Christopher Cherry -- Christopher Cherry spent the summer of 2005 studying the impacts of electric bikes in China. He examined the social, economic and environmental impacts of electric bikes, including their potentially negative environmental effects, as well as the increased access they provide to jobs, shopping and health care opportunities.
Mike Wininger -- Mike Wininger's background in physics and mathematics meant that he was the only member of Dr. Wannhsin Chen's stem cell engineering group who had no experience culturing human embryonic stem cells. But that lack of experience gave him an opportunity to learn a brand-new skill. According to Wininger, "the work was everything that I had been trained to do: to interface with researchers in the basic sciences, and to synthesize the experience within the universe of biomedical engineering."
Scientist Models Molecular Switch (ScienceDaily, 6/17/2008) -- Michigan Technological University physicist Ranjit Pati and his team have developed a model to explain the mechanism behind computing's elusive Holy Grail, the single molecular switch.
NSF Funds Search for Keys to Life's Greatest Secrets (About.com – News and Issues, 6/19/2008) -- NSF has awarded four grants to fund research leading to answers for "enduring questions of life." While these studies may not tell you why 12 socks go into the dryer and only 11 come out, they may reveal the history and future of life on earth.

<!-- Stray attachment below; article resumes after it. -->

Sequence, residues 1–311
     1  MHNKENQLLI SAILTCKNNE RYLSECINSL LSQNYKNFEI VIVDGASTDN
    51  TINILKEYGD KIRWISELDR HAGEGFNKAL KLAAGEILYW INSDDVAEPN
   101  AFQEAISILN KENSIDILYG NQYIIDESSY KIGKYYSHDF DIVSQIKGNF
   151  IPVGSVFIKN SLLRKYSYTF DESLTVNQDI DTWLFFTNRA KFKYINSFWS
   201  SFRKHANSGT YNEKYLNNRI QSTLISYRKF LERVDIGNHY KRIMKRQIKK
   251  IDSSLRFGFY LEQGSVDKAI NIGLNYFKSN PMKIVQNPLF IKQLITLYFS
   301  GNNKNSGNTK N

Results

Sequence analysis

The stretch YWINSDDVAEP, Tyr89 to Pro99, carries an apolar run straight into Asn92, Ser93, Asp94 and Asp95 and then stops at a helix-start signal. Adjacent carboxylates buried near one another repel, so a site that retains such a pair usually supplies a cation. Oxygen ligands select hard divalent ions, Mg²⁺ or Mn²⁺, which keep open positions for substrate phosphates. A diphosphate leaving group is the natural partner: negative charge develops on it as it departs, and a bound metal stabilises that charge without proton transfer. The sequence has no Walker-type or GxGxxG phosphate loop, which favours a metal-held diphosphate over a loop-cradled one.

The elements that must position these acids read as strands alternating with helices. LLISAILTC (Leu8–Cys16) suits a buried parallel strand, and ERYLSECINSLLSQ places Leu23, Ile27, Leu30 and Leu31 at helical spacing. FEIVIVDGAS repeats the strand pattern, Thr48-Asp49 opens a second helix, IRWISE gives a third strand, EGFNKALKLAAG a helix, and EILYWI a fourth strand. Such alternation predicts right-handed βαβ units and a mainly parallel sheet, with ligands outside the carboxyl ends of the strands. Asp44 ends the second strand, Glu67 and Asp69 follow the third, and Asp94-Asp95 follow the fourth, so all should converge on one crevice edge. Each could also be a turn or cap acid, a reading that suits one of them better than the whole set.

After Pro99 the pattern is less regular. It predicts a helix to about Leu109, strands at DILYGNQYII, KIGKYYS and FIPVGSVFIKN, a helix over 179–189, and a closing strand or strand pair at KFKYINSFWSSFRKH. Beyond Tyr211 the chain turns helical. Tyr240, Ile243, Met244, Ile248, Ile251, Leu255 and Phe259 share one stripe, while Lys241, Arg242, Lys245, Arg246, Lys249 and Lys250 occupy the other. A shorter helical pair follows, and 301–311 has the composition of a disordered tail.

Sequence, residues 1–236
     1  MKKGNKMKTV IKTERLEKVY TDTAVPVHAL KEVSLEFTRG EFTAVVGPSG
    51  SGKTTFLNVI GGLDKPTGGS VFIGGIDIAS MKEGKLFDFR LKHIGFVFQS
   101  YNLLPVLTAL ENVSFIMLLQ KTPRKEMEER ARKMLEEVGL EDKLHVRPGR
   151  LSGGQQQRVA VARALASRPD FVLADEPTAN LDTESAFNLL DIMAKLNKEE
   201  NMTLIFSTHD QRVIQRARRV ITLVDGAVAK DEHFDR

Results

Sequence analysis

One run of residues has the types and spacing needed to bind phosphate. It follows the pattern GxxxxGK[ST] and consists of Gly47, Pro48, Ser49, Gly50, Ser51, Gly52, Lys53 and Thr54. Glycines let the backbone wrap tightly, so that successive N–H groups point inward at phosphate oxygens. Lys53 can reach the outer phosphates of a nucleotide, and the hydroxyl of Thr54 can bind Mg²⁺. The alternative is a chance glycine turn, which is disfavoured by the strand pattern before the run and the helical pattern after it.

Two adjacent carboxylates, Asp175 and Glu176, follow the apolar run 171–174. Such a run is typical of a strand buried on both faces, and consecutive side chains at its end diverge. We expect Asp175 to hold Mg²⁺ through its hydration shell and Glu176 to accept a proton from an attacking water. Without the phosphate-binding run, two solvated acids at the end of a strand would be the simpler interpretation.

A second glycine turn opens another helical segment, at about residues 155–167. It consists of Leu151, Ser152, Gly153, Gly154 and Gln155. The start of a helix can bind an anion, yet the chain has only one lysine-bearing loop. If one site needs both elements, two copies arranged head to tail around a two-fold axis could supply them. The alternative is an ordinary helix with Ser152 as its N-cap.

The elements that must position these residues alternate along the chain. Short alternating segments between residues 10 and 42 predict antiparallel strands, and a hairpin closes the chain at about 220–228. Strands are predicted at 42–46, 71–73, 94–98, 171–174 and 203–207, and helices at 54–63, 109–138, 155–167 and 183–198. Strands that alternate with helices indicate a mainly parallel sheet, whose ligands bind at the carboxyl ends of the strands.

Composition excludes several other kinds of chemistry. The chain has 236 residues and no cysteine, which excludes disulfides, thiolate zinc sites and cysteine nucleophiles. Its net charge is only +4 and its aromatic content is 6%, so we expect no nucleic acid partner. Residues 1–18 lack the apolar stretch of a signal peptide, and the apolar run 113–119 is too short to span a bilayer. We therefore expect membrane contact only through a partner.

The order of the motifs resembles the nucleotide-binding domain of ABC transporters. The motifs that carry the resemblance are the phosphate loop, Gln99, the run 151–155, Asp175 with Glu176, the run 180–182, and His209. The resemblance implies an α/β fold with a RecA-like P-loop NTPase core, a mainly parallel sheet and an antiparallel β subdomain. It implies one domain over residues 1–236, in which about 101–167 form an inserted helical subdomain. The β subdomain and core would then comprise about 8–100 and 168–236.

Newly Born Twin Stars Are Far From Identical (7th Space Interactive, 6/7/2008) -- NSF-funded basic research may cause astronomers to re-examine the masses and ages of young stars and star formation theories.
If you have ever wondered what it's really like in the Antarctic, Emmy Award-winning filmmaker Anne Aghion's documentary, Ice People, paints an accurate picture. Aghion and her team braved the extreme temperatures and isolation from the outside world to capture the intense environment of the world's southernmost continent.